I hope each of you is enjoying this new year — whenever it is that you celebrate its beginning.
For me, 2017 is already full of new beginnings and revelations. To recap:
In the fall of 2016, we launched an expanded version of our KVC Clinic. This includes three days of on-site work with each intelligence or knowledge services group, as well as depth interviews with internal clients. It’s a hybrid event incorporating experiential team learning, organizational diagnosis, and customer research.
We received enthusiastic engagement from our initial host team, and were able to quickly develop a solid set of recommendations going forward. We are delighted that this client has added the KVC as a major 2017 initiative in their knowledge services program.
I am fortunate in my work to have been introduced to many of the world’s leaders in the fields of knowledge and intelligence — and even more fortunate that some of those have becomes colleagues, confidants, and (in a few cases) friends.
One of the latter is “Mr. Guy” St. Clair, a pioneer in moving-and-shaking libraries into the modern field of knowledge services. Guy’s wide-ranging set of professional experiences and contacts, and his lively and creative mind, make him someone people in this emerging field want to listen to.
In his important new book, Knowledge Services: A Strategic Framework for the 21st Century, Guy lays out a program for any organization to move ahead and capitalize on the rapidly-moving developments in this field. Devotedly “Druckerian” in outlook, he rightly emphasizes the leadership and organizational cultural aspect of enterprise knowledge — those constants that do not change rapidly, and that constitute much of the difference between success and failure.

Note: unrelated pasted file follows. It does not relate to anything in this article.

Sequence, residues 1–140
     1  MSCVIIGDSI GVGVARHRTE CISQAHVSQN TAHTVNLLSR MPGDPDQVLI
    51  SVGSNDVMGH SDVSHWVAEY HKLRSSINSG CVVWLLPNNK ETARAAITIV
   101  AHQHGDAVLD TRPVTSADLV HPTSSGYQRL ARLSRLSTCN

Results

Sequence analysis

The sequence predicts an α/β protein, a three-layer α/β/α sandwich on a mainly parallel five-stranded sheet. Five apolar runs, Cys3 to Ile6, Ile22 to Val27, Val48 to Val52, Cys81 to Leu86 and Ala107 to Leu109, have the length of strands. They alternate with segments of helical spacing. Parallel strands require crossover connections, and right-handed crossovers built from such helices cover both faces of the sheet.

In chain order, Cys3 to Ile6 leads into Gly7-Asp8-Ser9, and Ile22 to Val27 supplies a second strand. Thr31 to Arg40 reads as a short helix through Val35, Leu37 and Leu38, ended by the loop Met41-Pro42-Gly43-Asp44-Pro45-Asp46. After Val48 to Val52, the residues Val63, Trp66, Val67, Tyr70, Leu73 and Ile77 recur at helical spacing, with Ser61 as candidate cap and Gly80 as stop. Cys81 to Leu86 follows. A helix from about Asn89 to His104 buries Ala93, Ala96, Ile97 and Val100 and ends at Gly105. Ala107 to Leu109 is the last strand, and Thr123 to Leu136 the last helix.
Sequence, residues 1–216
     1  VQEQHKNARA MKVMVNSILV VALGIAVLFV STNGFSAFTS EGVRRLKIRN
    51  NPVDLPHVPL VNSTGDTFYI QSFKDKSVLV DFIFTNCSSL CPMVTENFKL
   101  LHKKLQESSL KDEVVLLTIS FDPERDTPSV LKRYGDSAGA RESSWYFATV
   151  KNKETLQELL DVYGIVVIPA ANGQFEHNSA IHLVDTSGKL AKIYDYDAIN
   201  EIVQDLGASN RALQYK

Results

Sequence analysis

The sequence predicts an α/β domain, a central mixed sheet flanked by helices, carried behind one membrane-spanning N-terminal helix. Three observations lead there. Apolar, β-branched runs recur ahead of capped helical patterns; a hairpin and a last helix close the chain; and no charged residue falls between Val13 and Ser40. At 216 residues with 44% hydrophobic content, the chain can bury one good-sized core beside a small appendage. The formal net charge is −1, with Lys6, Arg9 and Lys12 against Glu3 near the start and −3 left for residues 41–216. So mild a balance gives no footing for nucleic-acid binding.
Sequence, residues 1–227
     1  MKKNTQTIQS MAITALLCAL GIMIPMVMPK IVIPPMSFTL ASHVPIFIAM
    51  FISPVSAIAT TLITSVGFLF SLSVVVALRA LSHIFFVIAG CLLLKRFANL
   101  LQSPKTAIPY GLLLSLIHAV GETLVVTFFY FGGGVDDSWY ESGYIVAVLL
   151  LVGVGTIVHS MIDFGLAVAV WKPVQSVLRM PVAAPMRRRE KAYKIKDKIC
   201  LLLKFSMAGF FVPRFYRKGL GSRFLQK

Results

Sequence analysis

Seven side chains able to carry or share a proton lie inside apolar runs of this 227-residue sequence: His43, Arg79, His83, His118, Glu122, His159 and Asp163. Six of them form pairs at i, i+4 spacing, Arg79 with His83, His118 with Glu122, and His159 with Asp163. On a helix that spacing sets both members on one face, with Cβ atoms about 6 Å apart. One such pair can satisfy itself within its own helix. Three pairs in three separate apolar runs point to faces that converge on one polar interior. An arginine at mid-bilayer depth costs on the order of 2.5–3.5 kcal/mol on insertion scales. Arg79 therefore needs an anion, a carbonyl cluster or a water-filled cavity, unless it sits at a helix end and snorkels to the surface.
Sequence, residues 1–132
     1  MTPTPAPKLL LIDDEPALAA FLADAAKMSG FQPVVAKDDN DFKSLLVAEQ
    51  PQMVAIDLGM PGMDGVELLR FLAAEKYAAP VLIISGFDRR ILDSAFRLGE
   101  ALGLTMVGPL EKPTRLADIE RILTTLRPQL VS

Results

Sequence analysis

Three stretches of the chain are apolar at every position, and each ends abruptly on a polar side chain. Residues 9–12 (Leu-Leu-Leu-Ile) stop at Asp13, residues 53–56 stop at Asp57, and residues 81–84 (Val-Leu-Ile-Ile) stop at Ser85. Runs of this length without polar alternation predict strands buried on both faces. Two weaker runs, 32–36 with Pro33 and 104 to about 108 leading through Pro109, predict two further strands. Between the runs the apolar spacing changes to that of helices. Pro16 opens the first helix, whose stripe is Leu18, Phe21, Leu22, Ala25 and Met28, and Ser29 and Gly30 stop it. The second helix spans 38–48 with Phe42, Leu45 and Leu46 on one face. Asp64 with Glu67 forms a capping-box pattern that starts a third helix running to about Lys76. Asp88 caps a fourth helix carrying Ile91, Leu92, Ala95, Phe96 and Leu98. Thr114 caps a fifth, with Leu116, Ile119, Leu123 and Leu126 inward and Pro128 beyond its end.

Though Guy’s own voice comes through clearly, he also cites and includes contributions from a range of experts, some of whom have been assistants or guests speakers in his classes at Columbia University.
Among these, I am delighted that Guy has generously cited and discussed the KVC framework. (It was through his initiative that the KVC framework was added to Columbia’s curriculum.) He positions the KVC as the framework for conducting a value-added organizational knowledge audit — generally acknowledged to be the starting point for most any successful improvement initiative.
To use Guy’s words, he and I are “fellow travelers.” I value our frequent dialogues, and count myself wealthy in having him as a colleague and friend.
And speaking of colleagues who became friends, another of these is futurist and digital man-of-the-world Eric Garland.
Eric is a master of digital engagement, and a knowledgeable speaker who always entertains — and who never minces words. His 127-tweet thread on the 2016 US election went viral and has been called (among other things) “a Federalist Paper for 2016″. He has a shot at becoming Tom Paine meets Hunter S. Thompson meets the Internet.
A few weeks ago, Eric totally surprised me with his KVC-based analysis of the Russian interference in the 2016 US presidential election. Interesting indeed, and certainly an innovative and useful application of the KVC framework.
It’s the chance to meet rare individuals like Guy St. Clair and Eric Garland that have always driven my engagement with professional networks (such as SCIP), and now drive my engagement with students and peers in academia.
To that end, I have been asked by Program Director Kate Pugh to re-up as a Capstone project instructor and coach for Columbia’s Information and Knowledge Strategy program. Kate is the central driving force of the program, the hub of a wide network of interesting people, and herself a leader in the “knowledge” field.
I look forward to working again with two returning members of our “2016 instructional dream team,” Madelyn Blair and Nita Gupta. I will greatly miss working with Vanessa DiMauro, with whom I collaborated often — but hope to be working with her on other initiatives. I welcome the chance to get to know and work with Chris Samuels, who is joining us.
We will use the KVC as a Capstone framework that integrates others’ work in the value and ROI of knowledge. There are few experiences quite so fulfilling as interacting with students — the future leaders of the world’s knowledge economy!